Spelling and Composition
It sounds to me like you have done a lot of research on this and that you have a lot of tools to work with – and you are so right – there are just an endless number of approaches to spelling! And I think that therein lies the key – familiarize yourself with these various approaches and be ready to jump in with the right one at the right time- and to abandon that and try something new when it seems right.
There isn’t really one way that Waldorf schools approach spelling – Live Ed comes very close to approximating how the subject is usually approached. But any Waldorf teacher – as with any kind of teacher -worth his or her salt will be ready with a variety of approaches,depending on the needs of the children in the class. A good teacher – at school or at home – will look to see how her child learns – for many it is, as you say, a visual thing. I am someone who usually has to write out a word, to see it written to determine if it is spelled correctly. Others do not need to do this.
But, but, but….. 9 is still, in my opinion and in my experience, very young to be too troubled about spelling. Back to what you had quoted me as saying, I really do believe that focusing on spelling (as well as grammar, capitalization and punctuation) VIA the child’s own writing is the main way to go. And 9 is still a bit young for composition. Wait until her inner life, her selfhood is a bit further developed so that she has a bigger stock of experience and inner resources to draw upon. By about 11 or 12, if you’ve played your cards right, it is likely that she will have gotten over this “writer’s block” entirely and will be really ready, developmentally, to write out of herself. It is not the tools such as spelling which will enable her to write (ie compose) – it is her developing self which will prompt this.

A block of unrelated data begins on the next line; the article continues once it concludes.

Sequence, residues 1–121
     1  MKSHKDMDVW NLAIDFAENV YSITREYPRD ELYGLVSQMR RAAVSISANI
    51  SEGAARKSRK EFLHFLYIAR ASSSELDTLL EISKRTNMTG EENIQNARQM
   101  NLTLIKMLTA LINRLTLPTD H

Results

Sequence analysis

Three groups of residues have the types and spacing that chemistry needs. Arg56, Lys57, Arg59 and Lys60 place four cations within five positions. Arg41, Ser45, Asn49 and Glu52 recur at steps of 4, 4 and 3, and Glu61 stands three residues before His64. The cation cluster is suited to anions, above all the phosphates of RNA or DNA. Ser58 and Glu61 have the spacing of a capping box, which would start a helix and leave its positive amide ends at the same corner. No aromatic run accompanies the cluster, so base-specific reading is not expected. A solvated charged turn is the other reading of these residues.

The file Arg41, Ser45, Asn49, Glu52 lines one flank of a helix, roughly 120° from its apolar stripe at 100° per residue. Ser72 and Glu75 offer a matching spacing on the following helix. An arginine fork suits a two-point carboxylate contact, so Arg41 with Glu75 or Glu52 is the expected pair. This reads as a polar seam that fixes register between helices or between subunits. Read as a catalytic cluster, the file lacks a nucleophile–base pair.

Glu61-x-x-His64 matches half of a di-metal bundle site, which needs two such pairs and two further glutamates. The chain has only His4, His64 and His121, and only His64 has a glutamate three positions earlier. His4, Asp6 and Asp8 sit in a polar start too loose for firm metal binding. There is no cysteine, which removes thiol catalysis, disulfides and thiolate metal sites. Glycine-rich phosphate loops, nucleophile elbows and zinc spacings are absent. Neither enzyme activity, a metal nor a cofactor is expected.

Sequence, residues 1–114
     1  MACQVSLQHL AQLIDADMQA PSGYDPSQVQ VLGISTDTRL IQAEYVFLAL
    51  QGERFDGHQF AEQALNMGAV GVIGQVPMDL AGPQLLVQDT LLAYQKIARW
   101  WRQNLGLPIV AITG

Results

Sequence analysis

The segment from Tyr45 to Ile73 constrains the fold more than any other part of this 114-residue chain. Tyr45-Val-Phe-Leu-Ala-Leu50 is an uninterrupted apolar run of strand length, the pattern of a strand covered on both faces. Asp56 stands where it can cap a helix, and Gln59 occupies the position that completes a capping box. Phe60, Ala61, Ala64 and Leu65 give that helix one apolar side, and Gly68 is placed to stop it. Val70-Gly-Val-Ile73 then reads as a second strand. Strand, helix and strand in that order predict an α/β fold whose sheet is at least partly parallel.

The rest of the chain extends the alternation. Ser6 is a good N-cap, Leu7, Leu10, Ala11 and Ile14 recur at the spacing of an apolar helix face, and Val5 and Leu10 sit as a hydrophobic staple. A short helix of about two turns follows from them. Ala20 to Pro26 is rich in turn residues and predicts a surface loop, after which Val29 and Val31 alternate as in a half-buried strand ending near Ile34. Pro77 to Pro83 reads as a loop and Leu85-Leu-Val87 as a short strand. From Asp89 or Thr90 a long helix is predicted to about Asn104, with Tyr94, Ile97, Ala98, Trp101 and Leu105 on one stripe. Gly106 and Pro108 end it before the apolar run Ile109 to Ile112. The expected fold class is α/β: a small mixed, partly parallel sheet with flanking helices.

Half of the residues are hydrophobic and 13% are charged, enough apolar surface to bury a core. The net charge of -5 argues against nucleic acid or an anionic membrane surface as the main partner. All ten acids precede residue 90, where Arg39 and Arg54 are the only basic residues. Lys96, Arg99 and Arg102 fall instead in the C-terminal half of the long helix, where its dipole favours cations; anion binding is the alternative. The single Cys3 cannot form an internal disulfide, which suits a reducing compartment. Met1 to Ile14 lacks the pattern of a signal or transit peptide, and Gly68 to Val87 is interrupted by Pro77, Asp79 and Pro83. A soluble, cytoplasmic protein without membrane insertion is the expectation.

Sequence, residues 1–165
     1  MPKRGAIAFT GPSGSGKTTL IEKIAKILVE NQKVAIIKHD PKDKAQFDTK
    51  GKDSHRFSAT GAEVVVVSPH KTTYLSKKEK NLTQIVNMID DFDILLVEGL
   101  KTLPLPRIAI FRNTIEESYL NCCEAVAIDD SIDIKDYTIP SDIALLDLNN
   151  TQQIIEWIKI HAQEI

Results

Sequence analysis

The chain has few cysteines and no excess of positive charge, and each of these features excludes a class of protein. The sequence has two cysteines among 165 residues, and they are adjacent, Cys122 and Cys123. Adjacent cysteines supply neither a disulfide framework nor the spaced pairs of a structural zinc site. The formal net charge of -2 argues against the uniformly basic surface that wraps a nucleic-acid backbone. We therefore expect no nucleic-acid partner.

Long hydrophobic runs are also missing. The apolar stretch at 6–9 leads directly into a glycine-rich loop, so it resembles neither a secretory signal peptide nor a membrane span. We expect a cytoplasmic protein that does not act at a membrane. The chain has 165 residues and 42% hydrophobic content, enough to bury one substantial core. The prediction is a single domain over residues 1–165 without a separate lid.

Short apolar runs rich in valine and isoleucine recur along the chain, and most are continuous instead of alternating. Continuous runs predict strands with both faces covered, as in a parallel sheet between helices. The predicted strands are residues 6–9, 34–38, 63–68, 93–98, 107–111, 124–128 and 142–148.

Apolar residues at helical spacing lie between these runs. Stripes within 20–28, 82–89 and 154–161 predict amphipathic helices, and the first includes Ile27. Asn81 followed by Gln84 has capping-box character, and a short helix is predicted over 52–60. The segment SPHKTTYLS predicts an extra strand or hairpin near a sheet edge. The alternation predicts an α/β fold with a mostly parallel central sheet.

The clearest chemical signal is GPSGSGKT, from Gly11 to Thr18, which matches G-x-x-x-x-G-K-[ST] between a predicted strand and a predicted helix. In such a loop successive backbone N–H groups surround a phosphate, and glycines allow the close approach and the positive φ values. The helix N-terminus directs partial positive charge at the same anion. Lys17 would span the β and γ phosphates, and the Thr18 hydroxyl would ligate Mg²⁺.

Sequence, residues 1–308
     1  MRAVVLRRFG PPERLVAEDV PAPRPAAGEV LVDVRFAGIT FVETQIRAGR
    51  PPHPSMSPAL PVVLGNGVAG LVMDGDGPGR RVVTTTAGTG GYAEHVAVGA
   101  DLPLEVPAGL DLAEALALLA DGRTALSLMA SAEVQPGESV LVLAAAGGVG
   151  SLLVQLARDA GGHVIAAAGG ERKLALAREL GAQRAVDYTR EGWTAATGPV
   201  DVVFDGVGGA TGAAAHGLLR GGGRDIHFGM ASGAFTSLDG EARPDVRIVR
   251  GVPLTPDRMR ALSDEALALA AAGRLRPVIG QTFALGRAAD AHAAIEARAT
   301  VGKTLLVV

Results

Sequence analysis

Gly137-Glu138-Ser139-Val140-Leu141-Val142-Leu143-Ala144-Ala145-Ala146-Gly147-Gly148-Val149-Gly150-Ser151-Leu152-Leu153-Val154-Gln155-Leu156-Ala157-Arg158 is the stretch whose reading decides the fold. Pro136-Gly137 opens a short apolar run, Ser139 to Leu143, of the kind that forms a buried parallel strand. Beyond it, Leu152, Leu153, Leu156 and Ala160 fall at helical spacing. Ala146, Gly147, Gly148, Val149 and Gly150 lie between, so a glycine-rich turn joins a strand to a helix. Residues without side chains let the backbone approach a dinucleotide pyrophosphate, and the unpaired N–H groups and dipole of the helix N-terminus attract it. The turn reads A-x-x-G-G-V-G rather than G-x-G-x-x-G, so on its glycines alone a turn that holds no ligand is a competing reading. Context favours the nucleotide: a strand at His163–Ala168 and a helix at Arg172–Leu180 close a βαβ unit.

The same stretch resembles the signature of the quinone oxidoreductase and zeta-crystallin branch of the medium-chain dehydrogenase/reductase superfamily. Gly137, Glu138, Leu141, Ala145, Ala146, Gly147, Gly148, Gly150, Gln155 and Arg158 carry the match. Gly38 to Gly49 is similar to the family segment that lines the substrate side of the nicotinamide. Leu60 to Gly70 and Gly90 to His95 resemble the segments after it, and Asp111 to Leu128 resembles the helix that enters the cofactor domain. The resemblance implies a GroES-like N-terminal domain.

In the meantime, you do the composition – and use your writing as a gentle vehicle for things like punctuation – and you don’t need elaborate stories – I am really coming more and more to a place where I feel something has gone a little haywire in some Waldorf circles and that there is too much “a story for everything” – by third grade or so, there really shouldn’t be so many stories. I have been having interesting correspondence with Eric Fairman about this very subject. We both feel that somehow Steiner’s indications for a teacher’s creativity have been misunderstood as a need for the teacher to tell stories for everything!
So with punctuation for example, illustrate its need by taking care how you breathe when you read – take a breath when there’s a comma – that’s what it’s for. Drop your voice when you come to a period – hang your voice when you come to a dash or a semi-colon. And when your daughter is copying your writing, just point these things out in a simple sort of way – ( also including things like “Don’t forget, we always use a capital letter for a person’s name and at the beginning of a sentence”)- and then she will develop an ear, a feel for correct punctuation. I can tell you as someone who teaches writing courses to older children and teens, having an ear, a sense for language paves the way for beautiful and fluent writing – knowing a bunch of rules does not.